Image_1_Unique Phenotypes of Heart Resident Type 2 Innate Lymphoid Cells.TIF (208.83 kB)

Image_1_Unique Phenotypes of Heart Resident Type 2 Innate Lymphoid Cells.TIF

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posted on 05.05.2020, 04:46 by Yafei Deng, Shuting Wu, Yao Yang, Meng Meng, Xin Chen, Sha Chen, Liping Li, Yuan Gao, Yue Cai, Saber Imani, Bingbo Chen, Shuhui Li, Youcai Deng, Xiaohui Li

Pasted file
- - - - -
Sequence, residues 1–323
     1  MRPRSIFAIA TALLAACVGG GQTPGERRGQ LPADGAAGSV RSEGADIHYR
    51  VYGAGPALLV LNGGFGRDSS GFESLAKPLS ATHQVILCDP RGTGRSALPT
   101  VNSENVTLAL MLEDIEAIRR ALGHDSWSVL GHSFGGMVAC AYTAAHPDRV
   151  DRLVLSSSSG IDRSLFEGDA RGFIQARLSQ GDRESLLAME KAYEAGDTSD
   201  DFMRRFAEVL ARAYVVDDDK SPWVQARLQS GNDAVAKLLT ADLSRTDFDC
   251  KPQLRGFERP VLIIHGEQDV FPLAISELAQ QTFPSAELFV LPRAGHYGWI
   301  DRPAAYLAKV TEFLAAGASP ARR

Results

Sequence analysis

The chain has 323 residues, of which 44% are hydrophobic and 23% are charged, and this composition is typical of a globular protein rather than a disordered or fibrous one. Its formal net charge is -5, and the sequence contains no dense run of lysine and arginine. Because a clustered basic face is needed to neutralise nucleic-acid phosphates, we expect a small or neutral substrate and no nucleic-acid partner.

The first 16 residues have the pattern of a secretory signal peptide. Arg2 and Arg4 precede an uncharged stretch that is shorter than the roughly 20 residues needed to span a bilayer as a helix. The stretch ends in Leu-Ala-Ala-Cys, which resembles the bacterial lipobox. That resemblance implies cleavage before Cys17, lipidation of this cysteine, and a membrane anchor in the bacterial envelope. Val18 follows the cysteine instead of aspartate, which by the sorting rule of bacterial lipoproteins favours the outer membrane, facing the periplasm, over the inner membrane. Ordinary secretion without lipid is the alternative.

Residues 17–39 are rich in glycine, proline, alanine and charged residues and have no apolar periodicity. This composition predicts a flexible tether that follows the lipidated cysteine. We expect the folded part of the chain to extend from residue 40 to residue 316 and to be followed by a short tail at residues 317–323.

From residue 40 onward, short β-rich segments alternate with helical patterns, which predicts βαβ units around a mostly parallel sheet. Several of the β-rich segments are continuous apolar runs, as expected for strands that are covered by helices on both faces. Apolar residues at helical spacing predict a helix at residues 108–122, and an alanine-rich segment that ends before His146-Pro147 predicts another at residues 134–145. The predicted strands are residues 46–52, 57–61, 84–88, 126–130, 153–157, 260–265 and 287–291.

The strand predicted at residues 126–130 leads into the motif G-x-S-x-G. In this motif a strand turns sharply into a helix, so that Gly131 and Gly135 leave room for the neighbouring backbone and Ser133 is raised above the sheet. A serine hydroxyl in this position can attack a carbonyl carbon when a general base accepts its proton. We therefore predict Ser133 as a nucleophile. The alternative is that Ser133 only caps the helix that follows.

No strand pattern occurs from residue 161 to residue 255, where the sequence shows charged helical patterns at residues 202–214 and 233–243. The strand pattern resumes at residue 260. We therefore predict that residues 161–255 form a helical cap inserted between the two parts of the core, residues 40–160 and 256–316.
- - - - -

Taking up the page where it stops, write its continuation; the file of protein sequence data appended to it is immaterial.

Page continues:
Innate lymphoid cells (ILCs), including ILC1s, ILC2s, and ILC3s, play critical roles in regulating immunity, inflammation, and tissue homeostasis. However, limited attention is focused on the unique phenotype of ILCs in the heart tissue. In this study, we analyzed the ILC subsets in the heart by flow cytometry and found that ILC2s were the dominant population of ILCs, while a lower proportion of type 1 ILCs (including ILC1 and NK cells) and merely no ILC3s in the heart tissue of mice. Our results show that ILC2 development kinetically peaked in heart ILC2s at the age of 4 weeks after birth and later than lung ILC2s. By conducting parabiosis experiment, we show that heart ILC2s are tissue resident cells and minimally replaced by circulating cells. Notably, heart ILC2s have unique phenotypes, such as lower expression of ICOS, CD25 (IL-2Rα), and Ki-67, higher expression of Sca-1 and GATA3, and stronger ability to produce IL-4 and IL-13. In doxorubicin-induced myocardial necroptosis model of mouse heart tissue, IL-33 mRNA expression level and ILC2s were remarkably increased. In addition, IL-4 production by heart ILC2s, but not lung ILC2s, was also dramatically increased after doxorubicin treatment. Our results demonstrate that heart-resident ILC2s showed tissue-specific phenotypes and rapidly responded to heart injury. Thus, further studies are warranted to explore the potential for IL-33-elicited ILC2s response as therapeutics for attenuating heart damage.

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